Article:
- Assizes record courtesy of Mr John Gillespie, grandson of Insp Fred Janes.
Robert Marshall, aged 18, Diamond Foundry moulder, of 12 Butlin Road, Luton, was charged that: “On the 20th July 1919, together with divers other persons to the number of one thousand or more unlawfully and riotously did assemble to disturb the public peace, and then did make a great riot and disturbance to the terror and alarm of His Majesty’s subjects there being and against the peace of our Sovereign Lord the King, his Crown and Dignity.”
Appearing before magistrates on July 31st, 1919, it was said that while the Town Hall was well alight Marshall and other rioters had to be driven back by Chief Officer Andrew, assisted by Pc David Riches. The prisoner was in the front of the crowd near Messrs Dillingham's warehouse. Marshall was throwing bricks, stones and bottles at firemen, and particularly at the Chief Officer and witness.
Marshall was driven back again and again, and each time returned with more missiles. The hose was the only means of defence.
In answer to Mr H. W. Lathom (defending), Pc Riches said he was absolutely certain the prisoner was involved. Mr Lathom: “He instructs me he was recommended for recompense for helping the firemen.” Witness said prisoner did not help the firemen. He had not seen prisoner before, but saw enough of him that night.
Sgt Fred Janes corroborated, and said he was in Upper George Street until 5am. Prisoner threw missiles absolutely at the firemen, and did not help them. Witness knew the prisoner by sight before that night.
Cross-examined, Sgt Janes said police and firemen were given Bovril and tea at a house in Gordon Street, but he could not say whether prisoner was taken there by the firemen. Prisoner was nowhere near the hydrant used in Upper George Street.
Chief Office Andrew said Marshall had his coat off, and was urging the crowd to rush the firemen.
Town Clerk: “Was he excited?” Chief Officer Andrew: “Absolutely mad.”
Prisoner did not handle hose to put water on the fire, but he was seen by witness in possession of a length of hose which had been taken by the crowd from the firemen at the Manchester Street end of Gordon Street.
Prisoner threw a bottle which whizzed by witness and struck Fireman W. J. Burgess, who was immediately behind witness. After the crowd had been dispersed by the military, Marshall went to Chief Officer Andrew and said he had been assisting the firemen, and was wet through.
“I was very busy at the time, but I recognised him as one of the persons who had been throwing at us,” said witness, “and I told him to come to the fire station on Monday, as I knew I should want his name and address.”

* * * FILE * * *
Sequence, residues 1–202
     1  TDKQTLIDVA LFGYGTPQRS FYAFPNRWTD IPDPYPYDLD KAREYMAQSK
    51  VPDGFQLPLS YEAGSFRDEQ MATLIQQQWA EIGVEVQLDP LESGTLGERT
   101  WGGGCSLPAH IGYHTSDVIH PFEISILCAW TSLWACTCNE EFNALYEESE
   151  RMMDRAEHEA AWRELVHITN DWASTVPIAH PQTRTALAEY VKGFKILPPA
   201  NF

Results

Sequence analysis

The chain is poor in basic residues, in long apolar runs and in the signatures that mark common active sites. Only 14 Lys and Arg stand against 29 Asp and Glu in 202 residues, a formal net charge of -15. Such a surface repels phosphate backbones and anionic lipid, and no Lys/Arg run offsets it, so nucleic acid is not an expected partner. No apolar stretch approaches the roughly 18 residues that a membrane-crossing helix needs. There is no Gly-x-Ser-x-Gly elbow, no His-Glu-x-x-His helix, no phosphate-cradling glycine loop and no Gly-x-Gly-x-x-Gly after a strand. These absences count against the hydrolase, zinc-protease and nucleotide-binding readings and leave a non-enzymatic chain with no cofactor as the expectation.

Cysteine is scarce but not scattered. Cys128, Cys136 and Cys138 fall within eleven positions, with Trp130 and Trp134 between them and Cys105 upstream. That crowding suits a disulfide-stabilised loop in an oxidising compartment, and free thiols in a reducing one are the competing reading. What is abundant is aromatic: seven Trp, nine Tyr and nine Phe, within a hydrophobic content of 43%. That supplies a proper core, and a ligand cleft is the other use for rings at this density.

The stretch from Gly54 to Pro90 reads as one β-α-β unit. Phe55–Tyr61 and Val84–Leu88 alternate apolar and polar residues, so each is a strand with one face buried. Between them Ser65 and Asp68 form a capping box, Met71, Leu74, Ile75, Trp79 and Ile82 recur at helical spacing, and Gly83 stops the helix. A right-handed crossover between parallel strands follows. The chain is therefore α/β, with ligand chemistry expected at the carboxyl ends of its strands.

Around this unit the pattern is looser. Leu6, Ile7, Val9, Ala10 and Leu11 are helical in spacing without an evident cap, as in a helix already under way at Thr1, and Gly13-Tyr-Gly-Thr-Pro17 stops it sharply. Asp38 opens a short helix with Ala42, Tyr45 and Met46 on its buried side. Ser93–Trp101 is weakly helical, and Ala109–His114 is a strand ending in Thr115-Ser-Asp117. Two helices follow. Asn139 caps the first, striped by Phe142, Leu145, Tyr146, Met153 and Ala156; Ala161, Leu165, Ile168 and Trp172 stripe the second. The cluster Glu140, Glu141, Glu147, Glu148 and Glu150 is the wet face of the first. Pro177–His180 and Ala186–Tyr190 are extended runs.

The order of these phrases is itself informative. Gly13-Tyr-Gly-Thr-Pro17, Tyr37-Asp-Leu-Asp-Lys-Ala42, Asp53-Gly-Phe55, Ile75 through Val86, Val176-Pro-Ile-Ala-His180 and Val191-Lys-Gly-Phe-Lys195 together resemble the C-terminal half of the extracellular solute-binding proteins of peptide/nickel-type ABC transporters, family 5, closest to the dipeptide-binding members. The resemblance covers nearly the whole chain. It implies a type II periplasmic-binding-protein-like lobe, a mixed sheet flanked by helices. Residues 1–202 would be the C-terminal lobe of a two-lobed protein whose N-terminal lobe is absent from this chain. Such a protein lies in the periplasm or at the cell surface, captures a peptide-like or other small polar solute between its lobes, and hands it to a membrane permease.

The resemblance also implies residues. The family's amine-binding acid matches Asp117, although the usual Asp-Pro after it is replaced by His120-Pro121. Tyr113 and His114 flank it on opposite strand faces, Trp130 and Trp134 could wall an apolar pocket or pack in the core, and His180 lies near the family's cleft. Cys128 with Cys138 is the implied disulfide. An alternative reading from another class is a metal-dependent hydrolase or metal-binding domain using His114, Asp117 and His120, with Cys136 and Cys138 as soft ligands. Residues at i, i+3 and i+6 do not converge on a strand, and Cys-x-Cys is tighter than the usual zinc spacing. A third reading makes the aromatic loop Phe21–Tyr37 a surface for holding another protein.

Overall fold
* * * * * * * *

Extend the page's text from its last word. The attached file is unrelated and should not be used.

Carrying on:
On the Monday prisoner was asked to called again on Thursday, and then he said he helped the firemen right in front of the Town Hall at one o'clock. After some hesitation, he gave his name and address.
“On the Sunday morning,” added the Chief Office, “there was no hose being used in front of the Town Hall at one o'clock or subsequently until after the crowd had been dispersed by the Military.”
Witness was absolutely certain prisoner threw missiles, as men's faces during the height of the fire were as clearly seen as in the day. He had no knowledge of prisoner rendering any assistance to the Brigade, and no member of the Brigade had reported to that effect, although they had reported the names of other people as assisting.
Cross-examined, the Chief Officer said he had not heard that prisoner was taken to the house in Gordon Street for refreshment as one of the Brigade's helpers. It was possible one of the firemen might have taken him, but not probable.
The Clerk: “You don't seem to have told him you recognised him as one of those throwing missiles?” Witness: “No, I though he would have 'bunked' immediately. That was why I held out hope of a reward.”
Fireman Arthur Day, of 43 Hazelbury Crescent, said he was working a hose outside the Food Office in Manchester Street. The mob captured one line of hose, and Marshall shouted: “Come on, boys, hurry up, we'll have the ------ yet.” They were intending to turn the hose on to the firemen, and prisoner was excited, waving his arms and inciting he crowd. Witness had not the slightest doubt prisoner was the man.
Seeing what the crowd were going to do, witness uncoupled the hose and tries to pull it back from the ground. That made them angry, and “Go for him. Lay the ------ out,” was shouted by Marshall. Prisoner kicked witness just over the right knee, and another person struck him over the head with something heavy.
Witness said he had not the slightest doubt about prisoner, and would have returned this attack if he had been in possession of his axe. He was alone and had only the hosepipe.
Fireman Burgess, who served in the Army over four and a half years, said there was quite a bombardment of stones and other things in Upper George Street. A missile struck witness on the right hand, another between the shoulders and some hit his helmet. The blow between his shoulders laid him out, and he was taken to the police station for a time.